Widespread reports of a return of the kimchi premium appear to have been shrouded in confusion after bitcoin (BTC) prices plummeted briefly on a number of domestic exchanges before rising back above the USD 62,000 mark – while the market-leading Upbit platform suspended fiat withdrawals, possibly due to a banking issue.
The platform announced that it was conducting an “urgent inspection of KRW deposits and withdrawals,” but did not specify what the issue was in an official notice.
However, the Upbit operator Dumanu told the media outlet TechM that the issue was with a “fiat deposit and withdrawals service provider,” and “not with Upbit’s servers.”
The problem, however, may lie with the exchange’s banking partner. As previously reported, Upbit has partnered with the neobank K-Bank, with whom the crypto exchange’s customers are obliged by law to hold real-name authenticated accounts if they want to use Upbit services.
At around 7 AM UTC, BTC prices fell by 8% on leading platforms on yesterday’s prices, with some altcoins falling by 20%. But prices bounced back just an hour later. TechM stated that this sparked a massive rush in BTC buying. That made K-Bank “temporarily suspended related services and begin to inspect operating systems.”
But the issue may run deeper than this. Indeed, it may have been the straw the broke the camel’s back.
SBS reported that the K-Bank’s Upbit partnership may have become too successful for its own good. While business is booming with new crypto-related account creation and trading volumes via Upbit remain sky-high, the bank is not performing as well when it comes to doing what banks traditionally do – i.e. lend money.
The company’s mortgage products have experienced a much less positive uptake, the media outlet reported, a fact that has raised red flags. The latest surge in fiat-fuelled crypto buying may have tipped K-Bank’s payment model into dangerous territory.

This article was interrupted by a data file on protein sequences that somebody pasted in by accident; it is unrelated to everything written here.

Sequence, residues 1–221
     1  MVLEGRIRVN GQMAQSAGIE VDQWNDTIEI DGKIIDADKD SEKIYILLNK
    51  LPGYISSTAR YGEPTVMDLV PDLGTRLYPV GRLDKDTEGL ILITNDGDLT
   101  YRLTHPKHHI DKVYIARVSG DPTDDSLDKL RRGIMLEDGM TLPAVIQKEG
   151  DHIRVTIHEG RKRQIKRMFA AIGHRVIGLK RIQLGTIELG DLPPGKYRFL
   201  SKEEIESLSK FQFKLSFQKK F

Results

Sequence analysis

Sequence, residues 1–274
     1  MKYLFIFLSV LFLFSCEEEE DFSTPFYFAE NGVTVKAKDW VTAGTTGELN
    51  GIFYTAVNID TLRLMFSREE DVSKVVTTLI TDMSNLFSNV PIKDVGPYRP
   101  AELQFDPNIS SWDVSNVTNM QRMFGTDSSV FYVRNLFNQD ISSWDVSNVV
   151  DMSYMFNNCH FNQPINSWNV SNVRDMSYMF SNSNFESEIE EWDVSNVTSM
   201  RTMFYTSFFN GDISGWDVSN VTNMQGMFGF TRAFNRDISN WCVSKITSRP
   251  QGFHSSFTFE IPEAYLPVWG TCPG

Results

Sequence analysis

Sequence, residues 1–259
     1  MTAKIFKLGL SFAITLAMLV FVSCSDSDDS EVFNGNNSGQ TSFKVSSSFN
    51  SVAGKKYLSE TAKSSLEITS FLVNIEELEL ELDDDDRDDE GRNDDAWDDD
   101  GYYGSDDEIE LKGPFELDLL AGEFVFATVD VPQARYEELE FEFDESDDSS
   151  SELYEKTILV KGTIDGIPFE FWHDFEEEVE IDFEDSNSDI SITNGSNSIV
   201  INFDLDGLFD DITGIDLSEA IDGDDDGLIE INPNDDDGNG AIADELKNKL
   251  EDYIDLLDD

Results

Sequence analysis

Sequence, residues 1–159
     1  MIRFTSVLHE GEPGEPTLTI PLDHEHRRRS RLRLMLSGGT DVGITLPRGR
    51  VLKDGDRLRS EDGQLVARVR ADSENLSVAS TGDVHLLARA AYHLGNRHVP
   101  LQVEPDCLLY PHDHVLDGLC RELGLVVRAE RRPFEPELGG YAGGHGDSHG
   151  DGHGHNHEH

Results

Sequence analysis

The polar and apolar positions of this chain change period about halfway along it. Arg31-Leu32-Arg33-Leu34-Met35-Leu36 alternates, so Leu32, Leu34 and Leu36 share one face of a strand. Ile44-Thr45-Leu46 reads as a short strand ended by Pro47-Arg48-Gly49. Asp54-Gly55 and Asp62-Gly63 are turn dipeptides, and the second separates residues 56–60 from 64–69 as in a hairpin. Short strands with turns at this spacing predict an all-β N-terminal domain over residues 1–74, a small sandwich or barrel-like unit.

The media outlet reported that the bank had lowered the interest rate of four new products “from today,” and had decided to stop new sales of one of its “preferential terms” deposit offerings from next month.
SBS labeled the issue an “emergency in managing K-Bank’s loan-to-deposit ratio.”
On the kimchi premium issue, the CryptoQuant CEO Ju Ki-young claimed there was evidence of “arbitrage” as Upbit rival Bithumb had seen “BTC inflow mean” increase “while all other exchanges” had seen falls. “It seems some whales are depositing BTC to Korean exchanges,” he wrote.
But per EToday, opinions are divided on the matter of the kimchi premium. A researcher quoted by the media outlet stated that they doubted there would be any sharp rises in the discrepancy between South Korean and overseas exchanges, with experts claiming that medium to long-term, prices would likely correct, despite short-term “burdens” for South Korean BTC traders.
For those about to ring the alarm bells, it may be worth pointing out that at the peak of the kimchi premium (2017-early 2018), when South Korea accounted for almost 9% of the global BTC market, sustained premiums of 30% were regular, and the premium peaked at a whopping 55%. Experts have previously told Cryptonews.com that a return to these heady days are extremely unlikely.
Per Scolkg data at the time of writing (UTC 12:11pm), the kimchi premium is now back at around +12%, with a difference of about USD 6,400 in the price of BTC 1 on Upbit and Binance.